In this quote from Shakespeare's Hamlet, found in Act 1.2, Claudius is justifying his own actions. He is explaining to his subjects why he has done what he's done. Indirectly (from the writer's point of view, not the character's), he is also outlining one of the central issues of the early part of the play.
This scene is the audience's introduction to the court of Elsinore. When Claudius refers to King Hamlet's death, he's informing the audience that the king of Denmark has recently died, in addition to beginning his logical train of thought that justifies his hasty marriage to the dead king's wife, Gertrude. The memory is fresh, green, but people must continue to lead their lives. Thus, he married Gertrude. The kingdom must continue to remember King Hamlet, yet must also continue to live.
This logical argument then leads into the new king's questioning of young Hamlet. First, young Fortinbras has to be taken care of, as well as Laertes. But when those situations are quickly handled, Claudius moves to Hamlet. The logic is carried over: everyone else, though still respectfully remembering the deceased king, has recovered and moved on, why can't young Hamlet? Notice the logical chain: Life must go on, situations like Fortinbras must be handled; thus, Claudius married Gertrude. Look how well Claudius is handling things! Everyone else is doing it--why can't young Hamlet?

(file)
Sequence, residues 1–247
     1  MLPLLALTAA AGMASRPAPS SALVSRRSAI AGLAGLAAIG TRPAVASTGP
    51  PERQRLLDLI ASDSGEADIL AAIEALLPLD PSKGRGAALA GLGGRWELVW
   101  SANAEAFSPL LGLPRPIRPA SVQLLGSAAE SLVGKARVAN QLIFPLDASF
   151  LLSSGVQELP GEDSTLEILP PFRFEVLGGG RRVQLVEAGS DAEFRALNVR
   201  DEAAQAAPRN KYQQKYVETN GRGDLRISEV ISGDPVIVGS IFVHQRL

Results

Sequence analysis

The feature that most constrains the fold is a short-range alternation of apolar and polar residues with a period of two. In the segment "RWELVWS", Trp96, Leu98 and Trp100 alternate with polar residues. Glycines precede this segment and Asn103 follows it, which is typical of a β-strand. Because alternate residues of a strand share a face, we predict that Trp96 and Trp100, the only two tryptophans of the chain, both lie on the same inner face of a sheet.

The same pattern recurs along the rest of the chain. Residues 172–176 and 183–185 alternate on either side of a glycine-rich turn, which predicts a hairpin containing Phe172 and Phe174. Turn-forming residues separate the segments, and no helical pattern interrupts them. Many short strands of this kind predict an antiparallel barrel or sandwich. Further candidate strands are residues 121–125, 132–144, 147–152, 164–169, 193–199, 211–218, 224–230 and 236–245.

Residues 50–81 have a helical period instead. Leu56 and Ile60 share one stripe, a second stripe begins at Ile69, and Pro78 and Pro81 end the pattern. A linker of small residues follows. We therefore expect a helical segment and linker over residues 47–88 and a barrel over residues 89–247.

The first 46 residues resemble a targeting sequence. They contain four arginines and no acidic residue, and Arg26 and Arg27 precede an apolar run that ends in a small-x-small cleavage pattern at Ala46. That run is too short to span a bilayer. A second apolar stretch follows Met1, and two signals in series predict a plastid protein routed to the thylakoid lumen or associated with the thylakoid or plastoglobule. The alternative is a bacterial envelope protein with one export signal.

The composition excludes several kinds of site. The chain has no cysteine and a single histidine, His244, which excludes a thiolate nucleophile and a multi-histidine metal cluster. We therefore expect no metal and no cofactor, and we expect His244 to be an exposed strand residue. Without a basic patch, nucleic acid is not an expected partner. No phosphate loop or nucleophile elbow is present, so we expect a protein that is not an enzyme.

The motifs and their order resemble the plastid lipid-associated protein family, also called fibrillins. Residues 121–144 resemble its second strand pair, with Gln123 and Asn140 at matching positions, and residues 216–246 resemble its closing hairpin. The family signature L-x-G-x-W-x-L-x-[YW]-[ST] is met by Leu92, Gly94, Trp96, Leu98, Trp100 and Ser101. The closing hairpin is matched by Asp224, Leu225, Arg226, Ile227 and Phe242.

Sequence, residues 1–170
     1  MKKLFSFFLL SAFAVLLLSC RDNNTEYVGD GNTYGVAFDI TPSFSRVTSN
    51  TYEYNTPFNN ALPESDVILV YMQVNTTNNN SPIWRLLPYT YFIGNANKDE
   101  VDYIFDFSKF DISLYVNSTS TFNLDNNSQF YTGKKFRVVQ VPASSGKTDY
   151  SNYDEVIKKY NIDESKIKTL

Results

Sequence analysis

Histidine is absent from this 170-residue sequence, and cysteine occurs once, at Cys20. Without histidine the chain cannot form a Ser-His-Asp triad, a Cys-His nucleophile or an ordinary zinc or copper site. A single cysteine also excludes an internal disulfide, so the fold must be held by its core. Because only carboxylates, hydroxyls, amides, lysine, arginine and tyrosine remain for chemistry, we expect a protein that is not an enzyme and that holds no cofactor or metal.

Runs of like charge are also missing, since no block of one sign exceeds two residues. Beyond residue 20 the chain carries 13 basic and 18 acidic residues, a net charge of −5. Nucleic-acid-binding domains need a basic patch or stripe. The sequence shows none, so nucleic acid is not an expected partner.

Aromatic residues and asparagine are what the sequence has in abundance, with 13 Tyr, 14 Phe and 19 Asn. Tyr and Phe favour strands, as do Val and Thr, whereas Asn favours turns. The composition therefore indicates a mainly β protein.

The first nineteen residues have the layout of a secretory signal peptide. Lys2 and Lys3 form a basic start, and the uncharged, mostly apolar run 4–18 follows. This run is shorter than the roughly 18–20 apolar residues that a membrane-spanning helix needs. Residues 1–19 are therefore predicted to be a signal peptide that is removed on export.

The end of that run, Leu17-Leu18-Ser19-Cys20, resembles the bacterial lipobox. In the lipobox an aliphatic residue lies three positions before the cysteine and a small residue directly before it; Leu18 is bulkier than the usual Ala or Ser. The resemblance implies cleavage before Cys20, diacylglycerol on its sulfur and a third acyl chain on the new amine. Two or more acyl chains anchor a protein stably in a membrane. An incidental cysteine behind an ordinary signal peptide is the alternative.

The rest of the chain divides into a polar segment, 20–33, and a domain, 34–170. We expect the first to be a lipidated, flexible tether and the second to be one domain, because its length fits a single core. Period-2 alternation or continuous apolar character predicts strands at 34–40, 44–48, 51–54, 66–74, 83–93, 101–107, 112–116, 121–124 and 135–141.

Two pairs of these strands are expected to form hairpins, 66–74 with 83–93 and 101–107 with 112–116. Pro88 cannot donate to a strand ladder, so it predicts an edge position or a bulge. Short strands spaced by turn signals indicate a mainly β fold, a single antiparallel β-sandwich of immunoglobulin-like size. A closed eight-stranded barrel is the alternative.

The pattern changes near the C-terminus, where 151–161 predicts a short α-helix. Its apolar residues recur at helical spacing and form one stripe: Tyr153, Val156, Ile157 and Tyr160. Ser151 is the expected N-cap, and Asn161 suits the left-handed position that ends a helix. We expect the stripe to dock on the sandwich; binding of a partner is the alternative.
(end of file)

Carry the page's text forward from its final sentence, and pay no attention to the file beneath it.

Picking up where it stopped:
Here's what he says:
But now, my cousin Hamlet, and my son--....
How is it that the clouds still hang on you?
When everyone else has recovered, how is it that you are still upset?
And the play is on! Gertrude's hasty remarriage is a key issue in the play, and an event that Hamlet obsesses about throughout the play. Claudius attempts to justify it in this scene, and uses his logical argument to convince Hamlet that he, too, should go along with it.
His argument fails.